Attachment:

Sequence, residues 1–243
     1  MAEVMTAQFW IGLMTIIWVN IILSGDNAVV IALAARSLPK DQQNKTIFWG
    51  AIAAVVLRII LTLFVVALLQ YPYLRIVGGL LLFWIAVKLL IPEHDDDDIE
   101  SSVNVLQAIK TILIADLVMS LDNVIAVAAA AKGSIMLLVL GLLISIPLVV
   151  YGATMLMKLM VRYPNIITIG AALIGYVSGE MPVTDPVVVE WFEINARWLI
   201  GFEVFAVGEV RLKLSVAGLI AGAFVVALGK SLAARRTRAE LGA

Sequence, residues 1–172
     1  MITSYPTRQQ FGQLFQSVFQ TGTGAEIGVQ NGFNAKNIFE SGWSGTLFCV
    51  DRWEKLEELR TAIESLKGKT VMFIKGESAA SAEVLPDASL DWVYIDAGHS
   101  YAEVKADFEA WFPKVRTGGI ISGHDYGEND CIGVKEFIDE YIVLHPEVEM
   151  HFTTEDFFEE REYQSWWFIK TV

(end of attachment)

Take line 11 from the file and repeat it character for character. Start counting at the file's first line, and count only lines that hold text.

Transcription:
   151  HFTTEDFFEE REYQSWWFIK TV